Into the Past

In mid August my son, Greg, and I went to Dearborn Michigan for a visit to Greenfield Village and The Ford Museum. It had been almost thirty years since we had been there. It felt like nothing had changed. In a good way.

Greenfield Village rebuilds the history of Henry Ford’s time of invention and growth. Many of the homes there were moved from other locations and almost all of them had some connection to that time of great industrial expansion.  Edison’s lab, the Robert Frost Home, the Heinz House, and the Mattox Home with its slave quarters all are walking distance from each other.

There are reconstructions of the Firestone farm, a sawmill, pottery shop, a gristmill, and glass shop. Men and women my age are stationed in these buildings to explain who owned the homes or what happens inside each place. I yearned to be the person hired to be inside the Wright Cycle Shop.

No gel cushions on these bikes

Strolling along the sidewalks were men and women in 1920’s costume. Outside the school was Laura Ingles describing her life on the prairie. Banjos played, people on penny-farthing bicycles rolled by, as did Model T Fords.

When I returned to Cleveland I went on a Take a Hike! tour of the Warehouse District.  A retired High School Principal who had been shepherding folks around for 8 years was leading it. Out from one building stepped Daniel Brennan, an architect who helped shape the plan for downtown. Around the corner the group got to hear John D. Rockefeller.  Along the walk we listened to information about the buildings, their owners, the architecture and peculiarities that gave the area its quirky nature.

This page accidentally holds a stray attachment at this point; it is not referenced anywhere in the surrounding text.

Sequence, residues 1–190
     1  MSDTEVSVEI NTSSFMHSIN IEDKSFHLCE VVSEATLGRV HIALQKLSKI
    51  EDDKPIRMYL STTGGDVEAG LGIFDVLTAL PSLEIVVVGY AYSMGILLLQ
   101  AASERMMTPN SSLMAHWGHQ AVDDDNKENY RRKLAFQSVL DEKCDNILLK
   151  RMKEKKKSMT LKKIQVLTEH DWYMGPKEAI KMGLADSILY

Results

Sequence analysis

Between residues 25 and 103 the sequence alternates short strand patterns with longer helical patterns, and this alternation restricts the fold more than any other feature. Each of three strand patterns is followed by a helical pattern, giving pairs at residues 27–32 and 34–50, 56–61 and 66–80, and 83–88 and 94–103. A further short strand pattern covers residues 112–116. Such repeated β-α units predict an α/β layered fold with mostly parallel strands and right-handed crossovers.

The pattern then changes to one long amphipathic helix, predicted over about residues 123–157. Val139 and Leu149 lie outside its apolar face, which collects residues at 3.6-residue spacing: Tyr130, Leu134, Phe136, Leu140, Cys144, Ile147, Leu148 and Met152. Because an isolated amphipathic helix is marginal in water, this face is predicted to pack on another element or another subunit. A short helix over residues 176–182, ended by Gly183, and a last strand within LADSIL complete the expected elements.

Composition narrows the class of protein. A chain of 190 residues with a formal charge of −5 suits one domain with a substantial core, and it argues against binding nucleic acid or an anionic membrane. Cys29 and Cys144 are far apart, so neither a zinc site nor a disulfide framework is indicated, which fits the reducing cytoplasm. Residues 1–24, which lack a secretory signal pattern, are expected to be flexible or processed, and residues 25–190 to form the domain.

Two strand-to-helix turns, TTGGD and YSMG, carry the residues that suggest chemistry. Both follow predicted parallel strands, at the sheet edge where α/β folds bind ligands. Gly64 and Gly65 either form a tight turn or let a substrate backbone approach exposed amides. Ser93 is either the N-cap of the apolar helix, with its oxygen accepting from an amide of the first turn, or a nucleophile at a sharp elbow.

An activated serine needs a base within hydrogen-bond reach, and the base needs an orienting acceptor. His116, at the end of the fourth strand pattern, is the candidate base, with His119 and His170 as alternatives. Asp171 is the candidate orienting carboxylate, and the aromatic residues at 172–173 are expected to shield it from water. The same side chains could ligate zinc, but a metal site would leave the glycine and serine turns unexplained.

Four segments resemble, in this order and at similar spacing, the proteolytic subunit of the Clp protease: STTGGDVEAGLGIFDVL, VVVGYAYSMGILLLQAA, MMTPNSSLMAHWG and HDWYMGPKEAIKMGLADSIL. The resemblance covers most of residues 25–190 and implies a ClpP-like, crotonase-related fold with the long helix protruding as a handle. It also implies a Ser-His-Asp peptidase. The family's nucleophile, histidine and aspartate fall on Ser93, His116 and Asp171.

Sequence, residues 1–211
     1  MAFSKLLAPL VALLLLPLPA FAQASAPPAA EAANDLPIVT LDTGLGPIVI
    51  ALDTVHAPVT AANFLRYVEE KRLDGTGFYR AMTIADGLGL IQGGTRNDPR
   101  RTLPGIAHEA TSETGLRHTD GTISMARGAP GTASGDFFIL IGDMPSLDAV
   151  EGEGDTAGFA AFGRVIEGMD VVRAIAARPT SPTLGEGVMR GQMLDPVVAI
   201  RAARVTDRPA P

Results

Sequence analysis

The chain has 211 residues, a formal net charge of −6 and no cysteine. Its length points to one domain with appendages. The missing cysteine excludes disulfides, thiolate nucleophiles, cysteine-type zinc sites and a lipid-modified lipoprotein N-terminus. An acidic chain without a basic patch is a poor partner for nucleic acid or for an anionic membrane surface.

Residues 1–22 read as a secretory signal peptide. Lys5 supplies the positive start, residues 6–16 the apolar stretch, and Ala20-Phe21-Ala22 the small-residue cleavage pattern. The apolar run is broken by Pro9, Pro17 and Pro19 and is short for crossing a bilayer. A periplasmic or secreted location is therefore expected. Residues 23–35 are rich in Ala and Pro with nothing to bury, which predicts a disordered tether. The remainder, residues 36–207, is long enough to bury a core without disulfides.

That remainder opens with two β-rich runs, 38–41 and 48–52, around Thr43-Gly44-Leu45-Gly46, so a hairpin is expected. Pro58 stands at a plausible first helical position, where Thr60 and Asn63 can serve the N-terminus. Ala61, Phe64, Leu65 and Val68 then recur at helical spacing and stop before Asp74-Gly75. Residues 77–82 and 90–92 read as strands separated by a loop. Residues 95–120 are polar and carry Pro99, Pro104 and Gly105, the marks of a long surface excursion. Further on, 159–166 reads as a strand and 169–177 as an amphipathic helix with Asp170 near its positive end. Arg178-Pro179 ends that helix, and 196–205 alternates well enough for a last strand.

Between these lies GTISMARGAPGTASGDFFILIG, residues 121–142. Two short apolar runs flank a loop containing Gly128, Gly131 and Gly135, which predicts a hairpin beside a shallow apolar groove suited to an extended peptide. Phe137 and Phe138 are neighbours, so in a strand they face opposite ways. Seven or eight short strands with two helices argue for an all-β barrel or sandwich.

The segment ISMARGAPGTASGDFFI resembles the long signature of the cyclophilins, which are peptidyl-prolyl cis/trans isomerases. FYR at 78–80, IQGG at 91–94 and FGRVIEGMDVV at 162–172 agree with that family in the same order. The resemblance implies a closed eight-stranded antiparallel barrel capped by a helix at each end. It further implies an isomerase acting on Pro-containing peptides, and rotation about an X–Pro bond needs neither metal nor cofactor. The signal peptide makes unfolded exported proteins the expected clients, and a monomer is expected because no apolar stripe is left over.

JD Rockefeller seen in Cleveland

This is the way history should be taught, I was thinking. It is through the stories and reenacted characters that we really learn about the flavor, culture, motivations and passions that moved people to invent, create, and nurture ideas. While one teacher in a classroom can’t be an expert on every influential person or force from the past, it is easy today to find resources to do it for the student. Even better, it is better for the student to do the work and find out that information and be the teaching expert to others.

At the end of the day, what will stick to us as learners?  I don’t remember much of what Rockefeller said but I do know he was forceful, undaunted and had a huge ego. I don’t remember much about the mechanics of the phonograph, but I do remember hearing a weak voice being projected from a cylinder into a little girl’s eager ear.


4 responses to “Into the Past”

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  1. Judy says:

    No one understands better how history should be taught than the dear writer of this blog!

  2. Vicky says:

    Greetings on September 17 from one of your Arkansas pals. I lost track of your website for quite a stretch simply because I couldn’t remember my own bookmarking hierarchy. Sigh. Happy to find my way back, as I enjoy your observations on life. If you ever come back here, we would love to see you.

  3. Karen says:

    It seems the whole teaching gene will always be with me.